The journey to get where you are hasn't been easy. From setting records to surviving recessions, you've been there from day one, becoming a leader that's respected and praised from shareholders and staff. But somewhere along the way, it all started to change. Now your leadership strategy is getting you nowhere, and you can no longer deny that nagging feeling that something's just not right.
Recognizing that you may not be the best person for the job anymore is incredibly difficult to admit, especially after investing blood, sweat, and tears into the company. But if that little voice in the back of your head is now shouting at you front and center, it's a likely scenario that others feel the same way. So if you're trying to decipher whether your ship has sailed, here are 5 signs that it may be time to step-down.
1. You Dread Going to Work
As the leader of an organization, passion for the role and the company is a non-negotiable. While we all have those moments we want to stay in bed a little longer or crave a weekend away, there has to be an underlining fire within that gives you purpose, motivation, and excitement to step into the office each day.
If that passion's starting to wane and you're drained on all fronts, than it won't take long until that trickles into every department and employee. Before it spreads like wildfire, you need to either decide on a strategy to reignite that flame, or come to terms that it's gone for good.
2. People are Quitting
There's only so long that you can blame those resignations on the 'job-hopping generation' or on oversights by the Hiring Manager. If your staff retention is on a steady decline, it's time to question your effectiveness as a leader. While there are a number of reasons why your employees handed in their two weeks, it typically comes down to whether they feel supported by their management team to grow and develop.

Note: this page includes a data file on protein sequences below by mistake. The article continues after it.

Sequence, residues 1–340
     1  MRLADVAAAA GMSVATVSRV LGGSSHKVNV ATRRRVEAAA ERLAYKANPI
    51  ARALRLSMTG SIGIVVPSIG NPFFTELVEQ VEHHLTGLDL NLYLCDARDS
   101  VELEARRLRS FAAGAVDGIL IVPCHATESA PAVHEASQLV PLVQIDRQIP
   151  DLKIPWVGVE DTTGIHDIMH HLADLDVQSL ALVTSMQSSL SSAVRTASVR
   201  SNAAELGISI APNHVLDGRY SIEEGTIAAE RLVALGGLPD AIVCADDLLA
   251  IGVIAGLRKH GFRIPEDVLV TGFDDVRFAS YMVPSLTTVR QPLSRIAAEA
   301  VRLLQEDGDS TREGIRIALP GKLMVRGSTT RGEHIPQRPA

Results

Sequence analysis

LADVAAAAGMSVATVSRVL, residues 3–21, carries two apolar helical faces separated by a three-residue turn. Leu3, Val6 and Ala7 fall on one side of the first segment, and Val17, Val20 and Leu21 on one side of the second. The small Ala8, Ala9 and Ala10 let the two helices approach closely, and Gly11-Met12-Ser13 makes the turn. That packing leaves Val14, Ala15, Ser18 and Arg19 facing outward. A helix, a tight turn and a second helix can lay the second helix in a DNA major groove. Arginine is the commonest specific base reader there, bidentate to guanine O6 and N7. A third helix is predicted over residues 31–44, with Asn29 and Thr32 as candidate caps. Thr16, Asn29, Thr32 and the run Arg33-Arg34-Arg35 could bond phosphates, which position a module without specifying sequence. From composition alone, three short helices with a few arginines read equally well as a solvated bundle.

When was the last time you sat down with members of your staff and asked for critical feedback? If you're drawing a blank, it's probably a sign that your leadership style doesn't match the needs of your company's workforce.
3. You're Out of Ideas
Once upon a time, it felt like you couldn't go longer than an hour without coming up with a new idea, initiative, or campaign. Your mind was like a tap you couldn't turn off. The company was leading the trends rather than following them, as inspiration sprung from everywhere and everyone.
Now? Let's just say the well has run dry. You have no idea how to improve the company's culture, who you should be hiring to stay innovative, and what you need to do to increase profits. You find yourself resisting change in order to stay comfortable with what you know, and it's affecting every aspect of the company; frustrating employees, stalling innovation, and impeding growth.
4. You've Stopped Caring
You've stopped asking about your team's weekends on Monday morning and you haven't attended a company social event in months. And those work issues that used to keep you up at night? Well, let's just say you're sleeping soundly.
It's okay to admit that you've fallen out of love. Life's too short to stay in a relationship that you no longer care about. So before you start saying things you don't mean to and pick meaningless fights, make a departure before it turns ugly.
5. There's Someone Else
Leaders who have held their role for a long time often feel irreplaceable, and it's understandable why. No one knows as much as you, understands the company like you, or has connections like you...or do they? While stepping into your shoes would be no easy feat, if you've been experiencing at least two of the signs above, it's time to assess the needs of the company rather than your ego.
Part of your job is to recognize promising talent, so while it kills you to admit it, if you can already think of someone who would be much better at the gig, you're probably right.